Tuesday, 6 October 2009
Haunted by the past
The Little Stranger by Sarah Waters
Sarah Waters’s latest novel, shortlisted for the Booker Prize, is a simple tale – at least on first inspection.
Set in rural Warwickshire just after WWII, it charts the apparent haunting of the Ayres family in their dilapidated home, Hundreds Hall, as narrated by local GP Dr Faraday.
From being the leading family in the area, with a fine Georgian house and estate, staffed by a multitude of servants, we meet the final three members of the line, mother, son and daughter, rattling around in the dusty, musty decaying remains of their grand past.
And into this diminishing world comes a series of inexplicable events – all with tragic consequences.
But this is no conventional ghost story. Waters has used the genre to examine the seismic shifts that happened in post-war Britain, as the landed gentry started losing their authority and land, and working people took huge steps forward.
Health is a subtle thread that runs throughout the book; several times in this pre-NHS time, Faraday visits people living in appalling, sick-making conditions, and fretting over whether they can afford essential care and medicines.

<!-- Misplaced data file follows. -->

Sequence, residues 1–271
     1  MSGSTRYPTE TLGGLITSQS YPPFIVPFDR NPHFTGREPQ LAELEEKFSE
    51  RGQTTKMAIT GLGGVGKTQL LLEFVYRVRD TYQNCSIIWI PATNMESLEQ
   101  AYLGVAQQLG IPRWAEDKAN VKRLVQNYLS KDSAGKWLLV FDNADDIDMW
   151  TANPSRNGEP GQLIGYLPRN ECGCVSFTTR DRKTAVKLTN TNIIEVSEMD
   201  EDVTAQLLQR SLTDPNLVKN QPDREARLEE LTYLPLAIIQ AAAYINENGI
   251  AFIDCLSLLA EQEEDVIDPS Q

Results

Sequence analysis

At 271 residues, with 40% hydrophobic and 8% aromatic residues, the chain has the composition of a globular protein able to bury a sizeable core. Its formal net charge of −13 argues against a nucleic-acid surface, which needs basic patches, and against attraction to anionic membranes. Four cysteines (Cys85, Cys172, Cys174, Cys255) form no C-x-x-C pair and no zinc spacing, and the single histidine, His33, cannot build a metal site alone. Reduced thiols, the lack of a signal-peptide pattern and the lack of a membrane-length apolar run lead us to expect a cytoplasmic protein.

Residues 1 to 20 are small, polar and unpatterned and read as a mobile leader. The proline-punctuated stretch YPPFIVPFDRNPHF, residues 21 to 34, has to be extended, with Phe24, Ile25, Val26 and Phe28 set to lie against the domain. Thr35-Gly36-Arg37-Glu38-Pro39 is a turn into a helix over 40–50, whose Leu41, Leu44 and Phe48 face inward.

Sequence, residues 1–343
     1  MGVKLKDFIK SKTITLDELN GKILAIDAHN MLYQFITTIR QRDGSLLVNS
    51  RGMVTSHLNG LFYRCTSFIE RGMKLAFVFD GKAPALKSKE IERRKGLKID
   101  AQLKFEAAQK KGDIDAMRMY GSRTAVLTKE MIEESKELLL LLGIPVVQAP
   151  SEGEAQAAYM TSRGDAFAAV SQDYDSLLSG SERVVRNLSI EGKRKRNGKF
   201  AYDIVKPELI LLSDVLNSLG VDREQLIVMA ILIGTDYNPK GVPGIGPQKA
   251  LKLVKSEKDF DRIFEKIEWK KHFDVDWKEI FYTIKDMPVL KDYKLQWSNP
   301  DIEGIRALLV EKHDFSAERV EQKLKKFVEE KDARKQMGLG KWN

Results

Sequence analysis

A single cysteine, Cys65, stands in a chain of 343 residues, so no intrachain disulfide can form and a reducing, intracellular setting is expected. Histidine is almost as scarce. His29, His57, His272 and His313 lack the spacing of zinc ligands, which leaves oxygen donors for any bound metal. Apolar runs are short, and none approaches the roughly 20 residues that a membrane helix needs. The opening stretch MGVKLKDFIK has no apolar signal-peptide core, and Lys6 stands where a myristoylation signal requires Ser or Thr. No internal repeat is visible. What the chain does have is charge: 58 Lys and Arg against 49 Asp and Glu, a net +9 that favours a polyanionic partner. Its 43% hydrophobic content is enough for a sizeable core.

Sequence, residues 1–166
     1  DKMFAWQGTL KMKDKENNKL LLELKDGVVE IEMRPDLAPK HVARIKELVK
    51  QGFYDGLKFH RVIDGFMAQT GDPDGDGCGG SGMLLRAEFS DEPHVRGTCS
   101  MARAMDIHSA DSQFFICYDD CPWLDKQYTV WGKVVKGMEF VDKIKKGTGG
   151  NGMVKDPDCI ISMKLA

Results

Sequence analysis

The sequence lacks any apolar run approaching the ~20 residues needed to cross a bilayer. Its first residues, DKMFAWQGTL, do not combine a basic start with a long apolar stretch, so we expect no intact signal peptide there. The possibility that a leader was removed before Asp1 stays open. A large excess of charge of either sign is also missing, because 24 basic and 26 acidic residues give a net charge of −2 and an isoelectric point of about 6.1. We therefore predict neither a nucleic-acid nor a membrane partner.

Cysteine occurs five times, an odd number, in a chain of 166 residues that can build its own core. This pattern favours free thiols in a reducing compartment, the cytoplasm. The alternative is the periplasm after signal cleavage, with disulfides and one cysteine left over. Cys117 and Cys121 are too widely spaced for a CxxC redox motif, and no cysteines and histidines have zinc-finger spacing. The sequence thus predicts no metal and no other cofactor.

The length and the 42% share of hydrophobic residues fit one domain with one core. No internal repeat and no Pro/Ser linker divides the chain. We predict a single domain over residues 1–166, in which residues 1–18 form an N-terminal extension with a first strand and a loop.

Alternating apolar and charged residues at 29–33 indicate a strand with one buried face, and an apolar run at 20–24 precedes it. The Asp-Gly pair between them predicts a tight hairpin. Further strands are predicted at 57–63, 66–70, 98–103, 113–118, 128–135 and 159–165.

And health – of the mental variety – links arms with haunting, as the Ayres fate becomes clearer: what is real and what is not? Are the Ayres – and their class – haunted by something other than ghosts?
Class is central here: the Ayres, so used to servants and to seeing – and presenting – themselves as ‘examples’ to those around (an attitude that my own parents always held of the roles of myself and my sister as part of a clergy family), are finding themselves out of time, haunted by that past and unable to move on.
They can’t attract servants, and they cannot themselves do the work in the house and on the estate. Everything is falling into ruin as the truth of the matter – that they always had to rely on others and that those others now no longer need them – comes home to roost.
The Little Stranger is a gently-written novel that develops slowly. But Waters – partly as a result of her painstaking descriptions of the decaying Hundreds Hall – ratchets up the tension with consummate skill.
Her characters are not particularly loveable, but in their fragility and their failings, Waters makes them human and believable, and leads us to feel compassion to all of them.
Waters is particularly well known for her first three novels – lesbian romps – including Tipping the Velvet. But this is a very different book. Conventional on the surface – but with the ghosts of myriad themes only just beneath. And very good indeed.